Saturday, November 15, 2014
This is the schedule for the December Bike Rides.
The tentative schedule for the rest of the year follows the December listing. Only the destination and the restaurant for lunch are given for the remainder of the year. I have one date listed as to be scheduled with a canceled ride from earlier in the winter.
I'll provide details on rides as each month comes up and may shuffle the schedule slightly depending on which rides are canceled.
Bike Rides for December 2014
When: December 2, 2014, Tuesday, 9:00 am
Where: The Old Hidalgo Pump House
Description: The Old Hidalgo Pump House pumped water from the Rio Grande to the irrigation system in the early days of agriculture in the Rio Grande Valley. Originally run by steam powered pumps, it was later converted to diesel pumps. Much of the old equipment remains and we will take a short tour the facility. The ride is along the Border Wall for a short distance, past the retention ponds, along the canal system and through the town of Hidalgo. There is an admission charge or $3 per person. The ride will be about 3 miles on paved and gravel trails and city streets in Hidalgo. There is a short climb to the top of the levee at the Pump House. Lunch will be at Republic of the Rio Grande in McAllen. Bring water, sunscreen, insect repellant, bicycle helmet, binoculars and/or camera as you desire.
When: December 9, 2014, Tuesday 9:00 a.m.
Where: South Padre Island
Description: South Padre Island and Isla Blanca Park are featured on this ride. The ride is on level, paved city streets. We ride about 12 miles from the Convention Center to the southern tip of SPI in Isla Blanca County Park and return. On the return we will stop for lunch at Blackbeards Restaurant, bring a bicycle lock to secure your bicycle during lunch. There are no admission charges on this ride. Bring water, sunscreen, insect repellant, bicycle helmet, binoculars and/or camera as you desire.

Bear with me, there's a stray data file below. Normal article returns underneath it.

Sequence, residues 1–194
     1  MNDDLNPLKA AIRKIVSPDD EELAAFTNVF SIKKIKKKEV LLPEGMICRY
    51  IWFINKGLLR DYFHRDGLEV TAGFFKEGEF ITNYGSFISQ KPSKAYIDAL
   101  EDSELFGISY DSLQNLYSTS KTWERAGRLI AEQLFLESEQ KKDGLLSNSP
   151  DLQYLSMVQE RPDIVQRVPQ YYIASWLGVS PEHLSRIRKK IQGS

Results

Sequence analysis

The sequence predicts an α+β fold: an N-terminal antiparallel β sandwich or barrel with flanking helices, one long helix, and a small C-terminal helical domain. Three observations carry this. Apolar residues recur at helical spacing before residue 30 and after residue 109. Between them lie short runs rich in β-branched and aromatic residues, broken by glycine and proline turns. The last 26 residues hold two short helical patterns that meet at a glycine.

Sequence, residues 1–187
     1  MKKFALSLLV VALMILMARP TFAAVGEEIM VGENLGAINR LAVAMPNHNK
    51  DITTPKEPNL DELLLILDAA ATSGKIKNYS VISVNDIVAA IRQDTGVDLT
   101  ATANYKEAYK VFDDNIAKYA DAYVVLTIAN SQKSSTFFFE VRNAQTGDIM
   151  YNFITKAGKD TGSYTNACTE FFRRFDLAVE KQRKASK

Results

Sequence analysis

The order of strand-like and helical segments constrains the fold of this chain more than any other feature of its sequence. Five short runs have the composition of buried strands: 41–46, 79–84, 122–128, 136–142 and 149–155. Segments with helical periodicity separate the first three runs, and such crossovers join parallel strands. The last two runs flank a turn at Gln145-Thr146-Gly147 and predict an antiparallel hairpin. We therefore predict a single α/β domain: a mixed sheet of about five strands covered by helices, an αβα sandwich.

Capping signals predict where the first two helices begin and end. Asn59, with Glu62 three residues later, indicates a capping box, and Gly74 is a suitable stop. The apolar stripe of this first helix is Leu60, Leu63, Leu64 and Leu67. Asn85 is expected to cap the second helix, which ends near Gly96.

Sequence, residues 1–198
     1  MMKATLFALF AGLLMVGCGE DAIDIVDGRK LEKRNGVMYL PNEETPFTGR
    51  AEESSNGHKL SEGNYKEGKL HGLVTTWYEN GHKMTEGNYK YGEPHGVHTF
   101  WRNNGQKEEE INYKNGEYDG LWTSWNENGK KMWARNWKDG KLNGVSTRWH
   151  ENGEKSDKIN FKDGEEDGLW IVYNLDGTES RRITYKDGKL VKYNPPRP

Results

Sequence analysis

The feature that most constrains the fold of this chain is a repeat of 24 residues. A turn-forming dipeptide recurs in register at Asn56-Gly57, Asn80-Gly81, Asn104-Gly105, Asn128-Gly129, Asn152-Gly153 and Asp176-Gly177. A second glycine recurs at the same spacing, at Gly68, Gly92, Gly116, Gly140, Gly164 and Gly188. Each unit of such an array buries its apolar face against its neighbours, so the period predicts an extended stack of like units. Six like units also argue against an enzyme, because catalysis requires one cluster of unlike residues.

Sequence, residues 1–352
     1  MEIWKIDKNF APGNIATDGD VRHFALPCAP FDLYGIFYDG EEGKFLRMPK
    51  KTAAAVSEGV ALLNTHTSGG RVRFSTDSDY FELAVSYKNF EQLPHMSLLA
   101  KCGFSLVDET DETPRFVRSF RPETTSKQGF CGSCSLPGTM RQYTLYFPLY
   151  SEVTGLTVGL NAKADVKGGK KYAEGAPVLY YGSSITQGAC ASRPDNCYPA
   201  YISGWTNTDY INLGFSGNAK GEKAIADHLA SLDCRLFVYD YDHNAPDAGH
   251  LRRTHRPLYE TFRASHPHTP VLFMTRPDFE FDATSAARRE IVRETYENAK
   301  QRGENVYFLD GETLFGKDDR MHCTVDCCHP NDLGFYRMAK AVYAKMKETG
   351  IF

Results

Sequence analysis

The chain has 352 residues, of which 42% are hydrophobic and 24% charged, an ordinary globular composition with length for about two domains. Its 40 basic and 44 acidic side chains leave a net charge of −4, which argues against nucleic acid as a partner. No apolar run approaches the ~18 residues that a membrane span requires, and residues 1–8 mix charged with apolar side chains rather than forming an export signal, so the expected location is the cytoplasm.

When: December 16, 2014, Tuesday, 9:00 a.m.
Where: Bentsen State Park & World Birding Center
Description: Bentsen State Park near Mission has water features, scrub forest and grasslands. The Hawk Tower is handicap accessible and gives us a nice overview of the area near the Rio Grande and Mexico. There are bird feeders with blinds for observers which make bird watching extraordinary. We will ride about 8 miles on level paved park roads with a short walk to the Hawk Tower. There is a $5 per person entrance fee for those who do not have a Texas State Park Pass. We will eat lunch at BJ’s Brewhaus near the McAllen Convention Center. Bring water, sunscreen, insect repellant, bicycle helmet, binoculars and/or camera as you desire.
When: December 23, 2014, Tuesday, 9:00 a.m.
Where: La Lomita Mission and Anzulduas Park and Dam
Description: These two locations combine to make an interesting ride right along the Rio Grande River. La Lomita Mission is one of the missions begun by the Oblate Brothers. The original chapel has been restored recently. Anzulduas Park is a Hidalgo County Park adjacent to the Anzulduas Dam. We will also see the floodway which directs floodwater from the dam to Laguna Madre on the coast. We will ride about 5 miles on a little used public road and park roads. There is one hill as we leave Anzulduas Park and we will also climb the levee going to and from La Lomita Mission. There are no admission charges on this ride. We will eat lunch at Danny’s Mexican Restaurant in Mission following the ride. Bring water, sunscreen, insect repellant, bicycle helmet, binoculars and/or camera as you desire.
When: December 30, 2014, Tuesday, 9:00 a.m.
Where: Sandpipers to Edinburg and return to Sandpipers
Description: Happy New Year – Join us for the first annual Sandpipers Tour de Donut. Decorate your bicycle or wear a costume. This will be a zany ride around the city of Edinburg in search of donuts. Be ready to show us where you find the best donuts in Edinburg! We will ride from Sandpipers into Edinburg. Once there, we will ride the bicycle lanes where possible and will be on city streets at other times. We should return to Sandpipers by 1:00 p.m. Don’t eat breakfast before this ride. There will not be a lunch stop scheduled for this ride. Bring money for donuts! Also, bring water, sunscreen, insect repellant, bicycle helmet, binoculars and/or camera as you desire.
January 6, 2015 – Mission Bike Trail/McAlister’s Deli
January 13, 2015 – Port Isabel/Dirty Al’s Seafood